We’re all familiar with the scenario: a deadline for a big project is looming, but rather than tackling the job head-on we procrastinate. We’ll do anything, from watching television to cleaning, to avoid starting the “big project.” This avoidance causes other emotions such as guilt and anxiety. Procrastination is a common problem, and experts believe that there’s more to it than just laziness or a poor work ethic.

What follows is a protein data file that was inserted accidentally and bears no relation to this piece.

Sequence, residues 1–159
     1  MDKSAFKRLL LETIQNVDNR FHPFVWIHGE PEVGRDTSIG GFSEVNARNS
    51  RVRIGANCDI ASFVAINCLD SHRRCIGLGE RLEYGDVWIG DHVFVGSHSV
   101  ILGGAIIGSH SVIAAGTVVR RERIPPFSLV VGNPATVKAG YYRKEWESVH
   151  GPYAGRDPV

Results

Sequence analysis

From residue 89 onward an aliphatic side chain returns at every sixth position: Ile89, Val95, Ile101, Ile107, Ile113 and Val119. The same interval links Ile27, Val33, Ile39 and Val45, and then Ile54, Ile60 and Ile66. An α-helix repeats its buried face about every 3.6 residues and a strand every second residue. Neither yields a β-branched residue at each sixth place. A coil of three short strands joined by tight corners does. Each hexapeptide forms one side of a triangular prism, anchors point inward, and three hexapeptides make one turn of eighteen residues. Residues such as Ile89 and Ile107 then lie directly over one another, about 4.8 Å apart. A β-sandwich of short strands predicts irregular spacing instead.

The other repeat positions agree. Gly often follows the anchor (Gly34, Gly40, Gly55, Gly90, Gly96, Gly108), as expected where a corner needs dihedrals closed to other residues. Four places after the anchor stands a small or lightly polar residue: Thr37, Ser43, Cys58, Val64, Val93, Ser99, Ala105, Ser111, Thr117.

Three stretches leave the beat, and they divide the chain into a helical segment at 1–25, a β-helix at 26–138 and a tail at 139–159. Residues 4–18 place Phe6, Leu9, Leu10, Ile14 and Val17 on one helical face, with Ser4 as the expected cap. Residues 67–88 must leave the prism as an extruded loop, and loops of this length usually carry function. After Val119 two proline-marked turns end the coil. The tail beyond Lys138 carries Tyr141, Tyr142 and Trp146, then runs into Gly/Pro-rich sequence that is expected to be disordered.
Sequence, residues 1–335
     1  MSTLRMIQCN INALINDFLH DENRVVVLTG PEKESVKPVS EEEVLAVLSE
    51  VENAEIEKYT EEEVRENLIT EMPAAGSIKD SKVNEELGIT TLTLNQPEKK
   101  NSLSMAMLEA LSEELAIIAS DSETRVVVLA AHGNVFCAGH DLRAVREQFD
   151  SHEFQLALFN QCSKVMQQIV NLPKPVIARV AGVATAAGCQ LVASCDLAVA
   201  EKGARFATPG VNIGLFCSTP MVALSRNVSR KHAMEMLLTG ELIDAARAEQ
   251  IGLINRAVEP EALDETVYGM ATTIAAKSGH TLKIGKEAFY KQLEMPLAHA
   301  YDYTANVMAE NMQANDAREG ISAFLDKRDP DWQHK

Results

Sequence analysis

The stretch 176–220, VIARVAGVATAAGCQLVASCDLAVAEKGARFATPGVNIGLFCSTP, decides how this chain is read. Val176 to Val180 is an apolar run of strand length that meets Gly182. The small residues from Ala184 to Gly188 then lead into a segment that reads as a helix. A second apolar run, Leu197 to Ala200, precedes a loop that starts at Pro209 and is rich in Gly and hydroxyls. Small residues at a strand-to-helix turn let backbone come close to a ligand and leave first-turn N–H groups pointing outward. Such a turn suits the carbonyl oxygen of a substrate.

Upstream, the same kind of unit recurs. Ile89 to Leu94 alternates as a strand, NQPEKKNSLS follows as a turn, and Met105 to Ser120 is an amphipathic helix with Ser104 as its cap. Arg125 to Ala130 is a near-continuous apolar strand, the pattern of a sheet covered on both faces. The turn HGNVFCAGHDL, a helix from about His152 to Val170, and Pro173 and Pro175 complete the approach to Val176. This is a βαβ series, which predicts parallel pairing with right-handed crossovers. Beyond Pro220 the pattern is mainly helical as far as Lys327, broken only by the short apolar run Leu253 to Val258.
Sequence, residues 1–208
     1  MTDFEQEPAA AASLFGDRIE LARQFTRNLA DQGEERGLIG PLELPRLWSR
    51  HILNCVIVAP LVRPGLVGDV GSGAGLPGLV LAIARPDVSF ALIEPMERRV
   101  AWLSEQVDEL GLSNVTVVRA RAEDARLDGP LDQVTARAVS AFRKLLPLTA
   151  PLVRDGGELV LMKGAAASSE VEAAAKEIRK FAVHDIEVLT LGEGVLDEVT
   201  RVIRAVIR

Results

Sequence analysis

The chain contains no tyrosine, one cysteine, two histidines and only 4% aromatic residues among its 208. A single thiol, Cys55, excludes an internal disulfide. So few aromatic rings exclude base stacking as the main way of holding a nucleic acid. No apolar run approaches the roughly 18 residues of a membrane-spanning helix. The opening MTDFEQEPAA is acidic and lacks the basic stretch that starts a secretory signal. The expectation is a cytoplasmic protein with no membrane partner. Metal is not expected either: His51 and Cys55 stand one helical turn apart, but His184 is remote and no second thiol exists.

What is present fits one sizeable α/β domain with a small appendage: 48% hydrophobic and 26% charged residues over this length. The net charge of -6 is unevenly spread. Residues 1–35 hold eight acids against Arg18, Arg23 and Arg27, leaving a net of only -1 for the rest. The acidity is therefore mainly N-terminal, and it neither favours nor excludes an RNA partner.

It is widely believed among psychologists that procrastination can be a symptom of depression—people who become depressed often lose their sense of motivation. Furthermore, procrastination is also a common trait in found in maladaptive perfectionists, or people who have high levels of anxiety and an unhealthy fear of failure. Certain types of maladaptive perfectionists set such stringent personal goals, or believe that others hold them to unrealistic standards, that they experience depression, anxiety, low self-esteem and consequently procrastinate.